An amusing, harmless automobile brand inspires an amusing, harmless racing game.
- Car models look nice
- beetle and golf fans will have plenty to choose from
- "slidy" driving physics are fun for a while
- lots of parts to choose from.
- Absolutely zero challenge, even at stiffest difficulty
- single-player experience is very short
- Locales and tracks are recycled too much.
When you think of the pinnacle of motorsport excellence, which automobile companies come to mind? Ferrari, Mercedes, Chevrolet? Only if you page through the list a bit further will you come to Volkswagen, a company known more for its marketing slogans than its history of racing success. That said, the Volkswagen company has inspired the maker of GTI Racer to create a racing game based solely around the family-friendly brand. While fans of the VW line will likely be pleased with a pretty comprehensive lineup of Volkswagen makes and models, the actual racing in this game leaves much to be desired.
The meat and potatoes of GTI Racer's single-player game is the race-series mode, which is sort of a low-rent Gran Turismo career mode that has you progressing through a number of different race types, collecting money as you go to purchase more powerful VW models, as well as upgrade parts to apply to them. Of course, beyond doing the very basic improvements of upping acceleration and/or top speed, the upgrades don't feel like they do much for your car--and the game's elementary difficulty level means you can win almost any event in the series without doing any tweaking to your car at all. For example, moving to a softer suspension and higher ride height seems like it would make sense for the bumpy off-road races--and in most racing games it would. However, in GTI Racer, these kinds of adjustments make practically zero difference in your lap times at all.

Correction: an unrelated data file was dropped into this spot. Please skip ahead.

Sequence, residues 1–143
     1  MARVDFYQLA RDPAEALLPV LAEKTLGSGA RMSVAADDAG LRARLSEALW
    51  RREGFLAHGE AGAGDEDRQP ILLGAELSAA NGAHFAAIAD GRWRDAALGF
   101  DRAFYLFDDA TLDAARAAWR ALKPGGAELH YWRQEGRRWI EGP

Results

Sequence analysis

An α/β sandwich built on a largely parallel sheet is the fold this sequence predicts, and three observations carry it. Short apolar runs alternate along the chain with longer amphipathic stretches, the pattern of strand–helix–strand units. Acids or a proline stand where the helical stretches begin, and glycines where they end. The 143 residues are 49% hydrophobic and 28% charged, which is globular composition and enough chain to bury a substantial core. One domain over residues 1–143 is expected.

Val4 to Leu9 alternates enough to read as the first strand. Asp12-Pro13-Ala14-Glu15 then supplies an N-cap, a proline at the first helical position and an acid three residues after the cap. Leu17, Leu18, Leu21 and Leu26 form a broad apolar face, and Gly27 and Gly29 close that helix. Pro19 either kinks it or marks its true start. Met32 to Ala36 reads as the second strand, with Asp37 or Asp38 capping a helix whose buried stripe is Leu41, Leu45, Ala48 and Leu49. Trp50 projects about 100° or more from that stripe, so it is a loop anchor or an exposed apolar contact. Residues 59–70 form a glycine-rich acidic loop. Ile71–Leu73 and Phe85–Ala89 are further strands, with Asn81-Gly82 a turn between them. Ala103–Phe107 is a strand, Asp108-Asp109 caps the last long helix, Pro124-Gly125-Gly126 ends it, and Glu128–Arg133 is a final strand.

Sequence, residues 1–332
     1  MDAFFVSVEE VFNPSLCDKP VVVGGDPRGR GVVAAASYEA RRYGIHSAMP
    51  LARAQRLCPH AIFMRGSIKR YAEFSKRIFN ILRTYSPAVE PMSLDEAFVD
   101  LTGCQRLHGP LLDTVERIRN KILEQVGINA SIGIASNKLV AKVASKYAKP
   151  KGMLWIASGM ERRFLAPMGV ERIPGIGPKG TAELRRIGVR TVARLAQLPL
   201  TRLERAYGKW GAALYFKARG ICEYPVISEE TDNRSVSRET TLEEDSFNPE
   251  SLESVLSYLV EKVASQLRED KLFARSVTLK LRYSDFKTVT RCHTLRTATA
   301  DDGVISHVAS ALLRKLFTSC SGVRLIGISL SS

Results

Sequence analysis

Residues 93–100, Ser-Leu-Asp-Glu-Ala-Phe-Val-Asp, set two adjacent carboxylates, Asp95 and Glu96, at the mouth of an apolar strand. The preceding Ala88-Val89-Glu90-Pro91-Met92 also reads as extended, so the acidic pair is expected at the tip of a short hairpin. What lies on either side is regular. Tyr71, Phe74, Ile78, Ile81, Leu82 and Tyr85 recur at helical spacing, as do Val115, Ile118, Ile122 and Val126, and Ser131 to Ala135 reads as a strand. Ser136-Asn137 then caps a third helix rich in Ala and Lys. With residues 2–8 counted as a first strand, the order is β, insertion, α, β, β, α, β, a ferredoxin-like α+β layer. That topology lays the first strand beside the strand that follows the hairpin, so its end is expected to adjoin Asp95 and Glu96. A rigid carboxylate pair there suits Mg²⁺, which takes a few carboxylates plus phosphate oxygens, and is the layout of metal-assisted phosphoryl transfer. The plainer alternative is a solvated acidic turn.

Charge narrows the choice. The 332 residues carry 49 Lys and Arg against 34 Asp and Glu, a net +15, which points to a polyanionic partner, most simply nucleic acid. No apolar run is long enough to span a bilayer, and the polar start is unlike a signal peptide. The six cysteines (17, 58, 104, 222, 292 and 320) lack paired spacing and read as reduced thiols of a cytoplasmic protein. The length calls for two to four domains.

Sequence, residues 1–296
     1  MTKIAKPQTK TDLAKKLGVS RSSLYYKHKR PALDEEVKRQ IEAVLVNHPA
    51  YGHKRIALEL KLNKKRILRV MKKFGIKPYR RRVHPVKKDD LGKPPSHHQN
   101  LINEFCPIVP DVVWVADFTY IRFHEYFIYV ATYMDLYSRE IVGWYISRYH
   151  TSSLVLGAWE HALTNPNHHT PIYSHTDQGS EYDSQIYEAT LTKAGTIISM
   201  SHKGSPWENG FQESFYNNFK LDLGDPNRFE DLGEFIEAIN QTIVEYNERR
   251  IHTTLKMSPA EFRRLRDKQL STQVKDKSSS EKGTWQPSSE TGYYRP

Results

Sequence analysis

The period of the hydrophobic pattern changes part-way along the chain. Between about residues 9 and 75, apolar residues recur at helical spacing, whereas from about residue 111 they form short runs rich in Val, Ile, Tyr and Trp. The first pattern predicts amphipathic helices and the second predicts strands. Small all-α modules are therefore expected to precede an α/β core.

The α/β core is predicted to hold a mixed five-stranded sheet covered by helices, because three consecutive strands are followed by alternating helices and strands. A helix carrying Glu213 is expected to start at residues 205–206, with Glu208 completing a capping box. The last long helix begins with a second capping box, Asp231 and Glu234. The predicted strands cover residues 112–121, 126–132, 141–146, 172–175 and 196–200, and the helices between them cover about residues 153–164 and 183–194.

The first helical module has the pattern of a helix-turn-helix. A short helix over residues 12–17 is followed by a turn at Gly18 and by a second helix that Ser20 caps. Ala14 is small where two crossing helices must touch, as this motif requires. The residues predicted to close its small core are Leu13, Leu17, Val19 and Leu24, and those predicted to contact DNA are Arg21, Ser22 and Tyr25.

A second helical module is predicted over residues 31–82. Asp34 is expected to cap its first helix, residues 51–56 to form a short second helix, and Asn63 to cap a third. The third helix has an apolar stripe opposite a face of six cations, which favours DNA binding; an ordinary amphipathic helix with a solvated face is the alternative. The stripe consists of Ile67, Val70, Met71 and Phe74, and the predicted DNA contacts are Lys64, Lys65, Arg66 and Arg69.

Winning races in GTI Racer is rarely challenging. Your typical event in the race-series mode pits you against three opponents, most of whom you'll blow by at the start line. Barring any catastrophic accidents, it's easy enough to keep your car ahead of the pack, and though the game does make use of catch-up logic to keep your opponents close, you'll usually only lose races if you get into a big wreck toward the end of the race. Other race events in the game include cross-country checkpoint races, point-to-point races, drift challenges, and drag-racing events (the latter two are the only events in which you'll need to make some adjustments to your car). There's also an odd variant on the checkpoint race that has you careening your car in some of the game's more urban environments, while trying to dodge cardboard-cutout pedestrians who randomly run out into the street.
GTI Racer's driving model is just as straightforward as the competition you'll face. Despite the stabs at grease-monkey car customization, this is pure arcade racing, with cars that drift and slide around corners with the greatest of ease and a damage model that is purely cosmetic. Braking, especially in the early going, is practically not needed at all, and the cars rarely feel as if they have any weight to them on the road. This isn't to say it's altogether bad--it can be fun whipping your ride left and right with nary a care for your car's safety as you navigate around the twisting turns of the game's courses--but the lack of challenge eventually overtakes the game's amusing physics. While the game can be played with either a wheel or a game pad, you can easily win races just by playing with the default keyboard controls. Need we say more?